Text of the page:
Having a Power of Attorney in place before you need it, is best!
Many times, important decisions must be made at a time when you are least able to make them. For instance, a sudden illness could temporarily or permanently take away the ability to make decisions. Since you don’t know what unforeseen events lie ahead, it is best to have powers of attorney in place, so a trusted person can step in and help if needed.
A “Power of Attorney,” or POA, is a legal document that authorizes a person of your choosing to act on your behalf in certain situations. The two most common types of POA’s are property and healthcare. The primary use of a POA is having someone legally empowered to make decisions for you if you become ill, incapacitated or even absent. Having such legal documents in place prior to the need arising, allows you greater control over what happens.
As you grow older, sometimes you need help when routine financial tasks become confusing or difficult. A Power of Attorney for property allows someone to step in and help you pay bills, sell property or apply for Medicaid. In contrast, a Durable Power of Attorney for Healthcare only comes into effect if you are unable to communicate. In that case, your agent has the authority to carry out your desires for medical treatment that you expressed in your Living Will.
It is important to recognize that your family cannot get a POA after you have become incapacitated. If you become incapacitated without a valid POA, a court may have to appoint a Guardian and Conservator to make important decisions for you. When this happens, sometimes family members fight over who will be appointed, and the costs to obtain and maintain a Guardianship and Conservatorship are high.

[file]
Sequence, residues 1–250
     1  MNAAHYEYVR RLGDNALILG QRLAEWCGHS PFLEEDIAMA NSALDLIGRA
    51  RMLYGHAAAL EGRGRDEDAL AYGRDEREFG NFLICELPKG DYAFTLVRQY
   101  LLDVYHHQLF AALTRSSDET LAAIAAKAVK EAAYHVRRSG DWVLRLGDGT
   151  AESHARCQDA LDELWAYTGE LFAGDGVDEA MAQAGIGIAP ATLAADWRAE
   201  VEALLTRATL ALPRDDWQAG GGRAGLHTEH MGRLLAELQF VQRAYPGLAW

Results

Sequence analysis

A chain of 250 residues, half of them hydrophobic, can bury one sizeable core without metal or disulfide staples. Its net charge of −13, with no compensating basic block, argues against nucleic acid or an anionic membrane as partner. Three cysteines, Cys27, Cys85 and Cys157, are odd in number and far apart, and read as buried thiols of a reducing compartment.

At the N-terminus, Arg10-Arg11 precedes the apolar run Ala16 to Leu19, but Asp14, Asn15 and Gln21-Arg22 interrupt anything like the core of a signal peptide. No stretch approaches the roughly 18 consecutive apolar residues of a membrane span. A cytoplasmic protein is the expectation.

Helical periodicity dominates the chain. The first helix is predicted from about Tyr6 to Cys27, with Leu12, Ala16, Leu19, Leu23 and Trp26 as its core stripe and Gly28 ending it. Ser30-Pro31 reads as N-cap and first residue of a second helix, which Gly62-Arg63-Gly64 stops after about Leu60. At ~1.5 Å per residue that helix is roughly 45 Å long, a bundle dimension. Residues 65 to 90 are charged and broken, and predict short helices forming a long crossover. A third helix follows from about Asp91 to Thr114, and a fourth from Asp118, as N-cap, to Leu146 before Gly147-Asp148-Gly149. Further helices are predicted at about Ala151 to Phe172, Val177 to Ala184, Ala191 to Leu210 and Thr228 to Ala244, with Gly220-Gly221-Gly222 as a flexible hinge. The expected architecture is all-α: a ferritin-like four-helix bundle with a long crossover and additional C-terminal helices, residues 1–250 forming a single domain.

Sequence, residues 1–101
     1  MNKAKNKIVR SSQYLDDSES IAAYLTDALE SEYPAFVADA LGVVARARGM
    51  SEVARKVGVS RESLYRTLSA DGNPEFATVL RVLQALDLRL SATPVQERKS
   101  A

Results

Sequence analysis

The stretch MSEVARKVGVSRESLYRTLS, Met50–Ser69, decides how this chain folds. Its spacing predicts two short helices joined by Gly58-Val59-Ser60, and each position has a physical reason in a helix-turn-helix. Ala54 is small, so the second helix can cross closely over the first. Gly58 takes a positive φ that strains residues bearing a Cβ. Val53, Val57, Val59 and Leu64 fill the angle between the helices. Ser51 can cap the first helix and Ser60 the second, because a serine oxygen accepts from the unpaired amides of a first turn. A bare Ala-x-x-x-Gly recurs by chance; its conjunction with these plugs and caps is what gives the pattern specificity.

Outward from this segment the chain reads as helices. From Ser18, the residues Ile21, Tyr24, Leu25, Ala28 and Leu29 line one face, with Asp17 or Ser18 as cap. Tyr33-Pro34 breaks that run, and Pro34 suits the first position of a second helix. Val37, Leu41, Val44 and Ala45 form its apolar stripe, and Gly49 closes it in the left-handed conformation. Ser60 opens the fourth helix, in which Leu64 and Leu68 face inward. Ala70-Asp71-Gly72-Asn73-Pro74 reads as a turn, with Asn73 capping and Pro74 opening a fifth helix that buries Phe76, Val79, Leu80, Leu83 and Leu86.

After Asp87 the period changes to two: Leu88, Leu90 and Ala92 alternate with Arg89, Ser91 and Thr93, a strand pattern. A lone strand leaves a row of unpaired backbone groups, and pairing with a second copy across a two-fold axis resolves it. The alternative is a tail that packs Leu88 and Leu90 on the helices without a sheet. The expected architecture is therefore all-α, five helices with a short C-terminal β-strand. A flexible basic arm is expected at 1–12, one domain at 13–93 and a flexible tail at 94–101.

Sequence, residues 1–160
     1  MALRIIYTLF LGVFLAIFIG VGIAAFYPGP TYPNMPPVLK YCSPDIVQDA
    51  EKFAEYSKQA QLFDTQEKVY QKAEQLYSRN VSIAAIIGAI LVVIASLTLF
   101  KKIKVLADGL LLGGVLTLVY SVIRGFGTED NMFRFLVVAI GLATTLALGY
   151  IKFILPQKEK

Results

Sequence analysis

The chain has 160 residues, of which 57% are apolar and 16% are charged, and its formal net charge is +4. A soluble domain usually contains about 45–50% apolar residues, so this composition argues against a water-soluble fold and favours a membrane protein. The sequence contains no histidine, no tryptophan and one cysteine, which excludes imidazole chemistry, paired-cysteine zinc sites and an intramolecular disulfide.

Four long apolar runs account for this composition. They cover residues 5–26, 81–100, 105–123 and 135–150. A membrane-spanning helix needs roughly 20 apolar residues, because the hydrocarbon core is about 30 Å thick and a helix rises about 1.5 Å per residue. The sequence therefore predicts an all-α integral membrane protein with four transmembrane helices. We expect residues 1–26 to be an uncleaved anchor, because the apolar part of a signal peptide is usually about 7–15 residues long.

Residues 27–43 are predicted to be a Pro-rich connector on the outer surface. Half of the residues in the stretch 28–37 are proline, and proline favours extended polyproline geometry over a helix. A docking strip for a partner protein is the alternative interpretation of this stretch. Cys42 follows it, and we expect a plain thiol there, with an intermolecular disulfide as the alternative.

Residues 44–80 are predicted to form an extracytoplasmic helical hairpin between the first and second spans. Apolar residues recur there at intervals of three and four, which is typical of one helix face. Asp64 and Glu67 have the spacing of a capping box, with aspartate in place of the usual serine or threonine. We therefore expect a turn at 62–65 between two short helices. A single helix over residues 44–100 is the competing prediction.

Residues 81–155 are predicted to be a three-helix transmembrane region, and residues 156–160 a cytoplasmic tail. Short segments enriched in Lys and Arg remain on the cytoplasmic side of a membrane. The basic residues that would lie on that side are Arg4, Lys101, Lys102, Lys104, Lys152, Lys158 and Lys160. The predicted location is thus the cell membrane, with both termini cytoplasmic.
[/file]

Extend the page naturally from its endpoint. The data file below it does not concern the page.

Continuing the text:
Many people feel some apprehension about creating a POA. They wonder, will my assets and money be kept safe? How do I know the authorized person will act in my best interest? These are valid concerns that can be addressed at the time of drafting a POA.
Here are a few tips you may want to consider when deciding to move forward on your power of attorney:
- Select someone who you trust and is competent to make difficult decisions in complex situations and who is looking out for what is best for you. While steps may be taken to prevent against abuse and fraud, there is no substitute for a trustworthy, qualified agent. A child or sibling can make for a good potential candidate.
- Creating a POA in no way limits your current access or control over financial and healthcare decisions.
- You have the option to revoke a POA should circumstances change that make it in your best interest to do so.
- A POA does not replace a person’s Will. POA’s are designed to terminate automatically upon death.
- Having a Power of Attorney for property is safer than putting someone on your checking account.
If you have the foresight and prudence to plan for incapacity before the need arises, you will be in the driver’s seat when important decisions in your life have to be made by others.
Tom Packer is an Elder Law Attorney serving all of Southeast Idaho. As part of his law practice, Tom offers Life Care Planning to deal with the challenges created by long-term illness, disability and incapacity. If you have a question about a Senior’s legal, financial or healthcare needs, please call us.
Thomas W. Packer
186 East Judicial Street
Blackfoot, Idaho 83221